Lokendrajit Singh

Sadashiva Pradhan

Chhau by awardee Sadashiva Pradhan in the ‘Pancha Tatva’ or five truths of Lord Shiva, was not at his best, what with lack of balance in being able to hold the one legged stances, and the fire of Shiva in the ‘Pralaya’ scene was missing. Unlike what late Hari Nayak created in this composition, what was presented seemed very tame. The 18 minute Chakravyuha production was done with greater finesse, the youngsters showing a definite aptitude for this dance form. While the dhumsa drum played by Jeevan Patra and the chad chadi wielded by Baidyanath Ghunia were the main anchors for the Chhau music with shehnai (Vikas Babu) and flute (Pritiranjan Swain) having replaced the mohuri (old piped instrument for Chhau).

Shrikrishna-charitam by Sarojini Nangiar amma gave a rare peep into the very old form practised in the temples of Kerala in the kootambalam. A rare episode of the birth of Kamsa to Sauraseni who in a Ahalya type of story is duped by a demon masquerading as her husband Ugrasena, and a later child Devaki, the performance with just hand gestures visualizing the entire narrative pegged on to Sanskrit verses, and of course the mizhavu drum, was too culture specific in identity to succeed in communicating with the audience, and not strangely there were just about twenty- five persons seated in the Meghdoot theatre trying to understand what was being done on stage.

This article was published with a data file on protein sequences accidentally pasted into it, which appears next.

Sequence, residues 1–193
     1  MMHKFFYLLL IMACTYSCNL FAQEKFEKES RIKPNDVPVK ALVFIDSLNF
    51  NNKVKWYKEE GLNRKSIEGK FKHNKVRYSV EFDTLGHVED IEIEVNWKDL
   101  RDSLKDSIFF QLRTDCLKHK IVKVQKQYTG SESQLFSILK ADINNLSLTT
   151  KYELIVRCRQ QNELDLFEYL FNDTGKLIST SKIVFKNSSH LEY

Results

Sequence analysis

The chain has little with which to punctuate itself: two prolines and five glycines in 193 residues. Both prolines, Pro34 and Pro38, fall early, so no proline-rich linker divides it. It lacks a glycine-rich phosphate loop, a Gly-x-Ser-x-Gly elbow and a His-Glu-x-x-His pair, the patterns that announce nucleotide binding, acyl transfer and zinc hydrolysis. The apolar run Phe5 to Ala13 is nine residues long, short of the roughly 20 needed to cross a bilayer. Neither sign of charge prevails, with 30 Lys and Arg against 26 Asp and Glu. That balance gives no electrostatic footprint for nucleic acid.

One wishes that some of the professional comperes whose services are being used for such events by the SNA, would take the trouble of getting the right pronunciation of proper names, before coming out with gaffes like “Raga, Malika”. One cannot accept this from an organization like the Sangeet Natak Akademi. And all too often, terms one is expected to be familiar with are mispronounced.

Many discerning scholars gave high marks to the vibrant Lavani by Chhaya and Maya Khutegaonkar. By shifting folk arts to other venues like the Kathak Kendra at Chanakyapuri, the sheer logistics of travel from one place to another made many miss events one would have liked to see.





Writing on the dance scene for the last forty years, Leela Venkataraman's incisive comments on performances of all dance forms, participation in dance discussions both in India and abroad, and as a regular contributor to Hindu Friday Review, journals like Sruti and Nartanam, makes her voice respected for its balanced critiquing. She is the author of several books like Indian Classical dance: Tradition in Transition, Classical Dance in India and Indian Classical dance: The Renaissance and Beyond.